It’s far from certain, but a new study in Brazil has indicated that the odds of severe disease associated with Covid-19 — including being placed on a ventilator or dying — were reduced if patients had been vaccinated for the flu.

Like in the U.S., the coronavirus has raged in Brazil in the last few months, with those suffering from diabetes, obesity and cardiovascular diseases being the most susceptible. Brazilian researchers studied the outcomes in more than 92,000 Covid-19 patients. They found that mortality associated with coronavirus was lower among all people who had been vaccinated for the flu, ranging from 17% lower for people aged 10-19 to 3% lower for people over the age of 90.

Overall, patients in Brazil who had received the flu vaccination had 8% lower odds of needing intensive care and 20% lower odds of needing respiratory support, such as a ventilator. 

When to receive the vaccine

It isn’t yet time for flu vaccines to be administered; the CDC says August is too early to be vaccinated because the positive effects of the vaccine will not last through the flu season. Instead, the agency recommends that people begin to be vaccinated in September.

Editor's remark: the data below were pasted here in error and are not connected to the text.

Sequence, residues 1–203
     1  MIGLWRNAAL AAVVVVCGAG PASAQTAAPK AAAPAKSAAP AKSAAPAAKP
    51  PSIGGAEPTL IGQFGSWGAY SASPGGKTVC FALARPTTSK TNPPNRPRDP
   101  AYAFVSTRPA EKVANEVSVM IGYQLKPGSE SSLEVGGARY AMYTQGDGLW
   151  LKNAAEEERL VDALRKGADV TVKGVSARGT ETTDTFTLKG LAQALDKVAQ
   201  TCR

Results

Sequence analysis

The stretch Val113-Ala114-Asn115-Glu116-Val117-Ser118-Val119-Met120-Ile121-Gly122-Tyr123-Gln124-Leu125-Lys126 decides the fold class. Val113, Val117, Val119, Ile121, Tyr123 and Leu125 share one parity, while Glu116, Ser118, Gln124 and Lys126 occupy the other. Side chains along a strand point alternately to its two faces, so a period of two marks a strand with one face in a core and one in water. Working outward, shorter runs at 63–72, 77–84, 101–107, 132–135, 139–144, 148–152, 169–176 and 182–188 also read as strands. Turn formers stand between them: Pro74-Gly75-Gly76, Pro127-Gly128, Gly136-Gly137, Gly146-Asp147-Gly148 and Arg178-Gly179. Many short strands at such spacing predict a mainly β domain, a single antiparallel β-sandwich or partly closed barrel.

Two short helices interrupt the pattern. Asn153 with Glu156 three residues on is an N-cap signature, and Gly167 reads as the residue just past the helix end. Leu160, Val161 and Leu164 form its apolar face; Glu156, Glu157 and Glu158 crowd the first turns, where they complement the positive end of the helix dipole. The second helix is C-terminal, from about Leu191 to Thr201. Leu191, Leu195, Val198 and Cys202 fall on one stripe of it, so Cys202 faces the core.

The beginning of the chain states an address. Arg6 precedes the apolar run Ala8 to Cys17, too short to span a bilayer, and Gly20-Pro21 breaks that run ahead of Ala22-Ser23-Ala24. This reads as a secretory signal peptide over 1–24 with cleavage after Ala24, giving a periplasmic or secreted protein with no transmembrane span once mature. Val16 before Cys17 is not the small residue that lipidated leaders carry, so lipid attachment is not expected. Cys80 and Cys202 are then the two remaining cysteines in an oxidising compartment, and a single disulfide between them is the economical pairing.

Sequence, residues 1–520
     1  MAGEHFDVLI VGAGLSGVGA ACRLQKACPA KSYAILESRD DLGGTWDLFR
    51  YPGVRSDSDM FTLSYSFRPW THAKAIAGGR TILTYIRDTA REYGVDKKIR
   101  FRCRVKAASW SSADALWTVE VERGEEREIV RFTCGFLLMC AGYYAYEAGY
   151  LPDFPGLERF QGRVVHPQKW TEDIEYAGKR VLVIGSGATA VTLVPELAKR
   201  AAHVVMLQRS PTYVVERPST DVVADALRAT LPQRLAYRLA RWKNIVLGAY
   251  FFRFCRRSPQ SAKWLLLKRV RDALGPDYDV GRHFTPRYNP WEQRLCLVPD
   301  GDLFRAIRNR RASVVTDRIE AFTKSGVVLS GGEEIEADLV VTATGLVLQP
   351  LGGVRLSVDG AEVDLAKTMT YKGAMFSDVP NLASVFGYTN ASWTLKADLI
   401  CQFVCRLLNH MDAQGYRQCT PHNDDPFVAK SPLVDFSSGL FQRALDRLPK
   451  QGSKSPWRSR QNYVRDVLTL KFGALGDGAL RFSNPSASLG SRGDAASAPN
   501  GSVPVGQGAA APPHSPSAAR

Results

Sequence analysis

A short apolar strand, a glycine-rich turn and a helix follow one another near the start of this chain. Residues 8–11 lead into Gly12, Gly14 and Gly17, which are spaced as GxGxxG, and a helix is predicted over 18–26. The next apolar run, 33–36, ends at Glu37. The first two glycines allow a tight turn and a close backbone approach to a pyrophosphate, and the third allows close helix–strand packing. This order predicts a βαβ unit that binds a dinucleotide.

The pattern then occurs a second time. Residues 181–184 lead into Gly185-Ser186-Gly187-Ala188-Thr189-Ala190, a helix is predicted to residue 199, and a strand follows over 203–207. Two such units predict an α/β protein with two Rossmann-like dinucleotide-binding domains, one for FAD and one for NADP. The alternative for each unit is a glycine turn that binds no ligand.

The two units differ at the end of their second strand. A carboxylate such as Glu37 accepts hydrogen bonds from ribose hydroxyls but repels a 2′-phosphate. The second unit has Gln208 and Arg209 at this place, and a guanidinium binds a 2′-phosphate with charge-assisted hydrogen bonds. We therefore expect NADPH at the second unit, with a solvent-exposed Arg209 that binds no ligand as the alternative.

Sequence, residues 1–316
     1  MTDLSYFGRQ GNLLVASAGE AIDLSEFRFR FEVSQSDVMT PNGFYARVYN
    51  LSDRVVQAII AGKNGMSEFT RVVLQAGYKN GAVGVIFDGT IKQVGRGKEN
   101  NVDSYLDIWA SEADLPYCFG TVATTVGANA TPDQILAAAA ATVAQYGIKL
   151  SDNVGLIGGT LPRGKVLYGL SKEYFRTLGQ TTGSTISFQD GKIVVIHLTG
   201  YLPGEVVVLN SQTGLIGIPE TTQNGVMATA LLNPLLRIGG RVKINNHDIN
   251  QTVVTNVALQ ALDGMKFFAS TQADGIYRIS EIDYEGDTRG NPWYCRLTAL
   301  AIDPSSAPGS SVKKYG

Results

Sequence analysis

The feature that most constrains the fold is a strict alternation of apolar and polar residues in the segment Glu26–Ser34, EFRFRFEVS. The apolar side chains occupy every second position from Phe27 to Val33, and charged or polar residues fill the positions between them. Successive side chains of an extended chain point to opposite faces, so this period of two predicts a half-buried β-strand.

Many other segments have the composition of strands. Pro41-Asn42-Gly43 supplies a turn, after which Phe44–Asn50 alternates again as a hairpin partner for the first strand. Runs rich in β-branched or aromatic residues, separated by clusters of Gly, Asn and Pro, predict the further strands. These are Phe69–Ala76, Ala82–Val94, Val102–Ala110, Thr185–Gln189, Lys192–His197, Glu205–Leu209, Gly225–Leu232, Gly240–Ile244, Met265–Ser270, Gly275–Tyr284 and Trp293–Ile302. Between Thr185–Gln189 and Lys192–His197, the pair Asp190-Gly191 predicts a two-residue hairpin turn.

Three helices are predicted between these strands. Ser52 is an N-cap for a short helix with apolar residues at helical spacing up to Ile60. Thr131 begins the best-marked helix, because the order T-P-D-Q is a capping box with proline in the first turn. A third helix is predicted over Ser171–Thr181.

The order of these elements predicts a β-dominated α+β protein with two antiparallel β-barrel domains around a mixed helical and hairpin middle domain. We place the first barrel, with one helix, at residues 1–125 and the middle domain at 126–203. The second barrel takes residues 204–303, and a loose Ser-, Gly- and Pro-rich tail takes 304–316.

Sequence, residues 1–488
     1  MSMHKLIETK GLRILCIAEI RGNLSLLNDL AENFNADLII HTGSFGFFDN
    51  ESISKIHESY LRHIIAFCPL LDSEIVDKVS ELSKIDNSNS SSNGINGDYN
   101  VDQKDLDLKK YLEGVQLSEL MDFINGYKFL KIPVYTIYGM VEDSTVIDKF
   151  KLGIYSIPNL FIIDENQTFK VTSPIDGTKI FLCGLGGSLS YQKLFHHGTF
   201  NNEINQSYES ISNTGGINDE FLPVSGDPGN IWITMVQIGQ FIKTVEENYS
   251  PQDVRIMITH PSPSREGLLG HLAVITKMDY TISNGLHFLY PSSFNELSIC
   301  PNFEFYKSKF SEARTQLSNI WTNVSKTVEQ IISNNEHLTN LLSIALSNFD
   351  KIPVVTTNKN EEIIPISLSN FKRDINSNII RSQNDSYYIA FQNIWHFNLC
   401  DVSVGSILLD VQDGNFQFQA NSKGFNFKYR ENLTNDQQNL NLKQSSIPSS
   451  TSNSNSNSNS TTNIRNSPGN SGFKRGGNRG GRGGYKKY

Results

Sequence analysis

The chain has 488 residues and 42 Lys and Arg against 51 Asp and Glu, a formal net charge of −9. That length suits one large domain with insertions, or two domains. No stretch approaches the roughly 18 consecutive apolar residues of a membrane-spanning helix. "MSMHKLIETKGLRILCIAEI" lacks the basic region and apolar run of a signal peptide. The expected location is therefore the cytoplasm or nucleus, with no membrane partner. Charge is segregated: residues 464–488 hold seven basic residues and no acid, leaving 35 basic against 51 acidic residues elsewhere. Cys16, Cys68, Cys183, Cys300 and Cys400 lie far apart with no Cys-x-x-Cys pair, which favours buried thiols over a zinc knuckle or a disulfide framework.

When health care clinics and pharmacies begin offering the flu vaccine, experts say the number of people who take advantage of it might be the difference between being able to keep things open this winter.

“If there was a year when actually getting a vaccine can make a big difference to allowing us to continue to stay open as a community and do it safely, I can’t think of a more important year than this year,” Dr. Cameron Wolfe, an infectious disease specialist at Duke University Medical Center, told an ABC News affiliate in Raleigh-Durham.

This story is the August 2020 installment of Focus On: Health, presented by Brennan’s Foot & Ankle Care, Roark’s Pharmacy and Danny’s Drugs on the second week of each month as part of the Independent Herald’s Focus series. A print version of this article can be found on Page 3 of the August 13, 2020 edition of the Independent Herald.
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Independent Herald
Contact the Independent Herald at newsroom@ihoneida.com. Follow us on Twitter, @indherald.